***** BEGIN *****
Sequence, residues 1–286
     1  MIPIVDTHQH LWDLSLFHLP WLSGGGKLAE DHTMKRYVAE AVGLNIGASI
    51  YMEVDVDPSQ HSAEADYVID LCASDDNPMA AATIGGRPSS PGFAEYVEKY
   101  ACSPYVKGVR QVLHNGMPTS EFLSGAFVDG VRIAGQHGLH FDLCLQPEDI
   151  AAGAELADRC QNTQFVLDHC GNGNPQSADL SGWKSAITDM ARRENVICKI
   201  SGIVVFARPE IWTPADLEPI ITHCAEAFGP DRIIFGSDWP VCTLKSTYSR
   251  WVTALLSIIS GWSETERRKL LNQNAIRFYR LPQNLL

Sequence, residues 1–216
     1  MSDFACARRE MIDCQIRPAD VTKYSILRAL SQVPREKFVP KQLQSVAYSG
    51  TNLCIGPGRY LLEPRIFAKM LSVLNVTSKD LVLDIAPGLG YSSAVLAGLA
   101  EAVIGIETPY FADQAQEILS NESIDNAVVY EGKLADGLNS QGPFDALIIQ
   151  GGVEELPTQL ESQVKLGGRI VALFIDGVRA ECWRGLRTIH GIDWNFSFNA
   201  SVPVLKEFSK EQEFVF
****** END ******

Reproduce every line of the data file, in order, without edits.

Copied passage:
Sequence, residues 1–286
     1  MIPIVDTHQH LWDLSLFHLP WLSGGGKLAE DHTMKRYVAE AVGLNIGASI
    51  YMEVDVDPSQ HSAEADYVID LCASDDNPMA AATIGGRPSS PGFAEYVEKY
   101  ACSPYVKGVR QVLHNGMPTS EFLSGAFVDG VRIAGQHGLH FDLCLQPEDI
   151  AAGAELADRC QNTQFVLDHC GNGNPQSADL SGWKSAITDM ARRENVICKI
   201  SGIVVFARPE IWTPADLEPI ITHCAEAFGP DRIIFGSDWP VCTLKSTYSR
   251  WVTALLSIIS GWSETERRKL LNQNAIRFYR LPQNLL

Sequence, residues 1–216
     1  MSDFACARRE MIDCQIRPAD VTKYSILRAL SQVPREKFVP KQLQSVAYSG
    51  TNLCIGPGRY LLEPRIFAKM LSVLNVTSKD LVLDIAPGLG YSSAVLAGLA
   101  EAVIGIETPY FADQAQEILS NESIDNAVVY EGKLADGLNS QGPFDALIIQ
   151  GGVEELPTQL ESQVKLGGRI VALFIDGVRA ECWRGLRTIH GIDWNFSFNA
   201  SVPVLKEFSK EQEFVF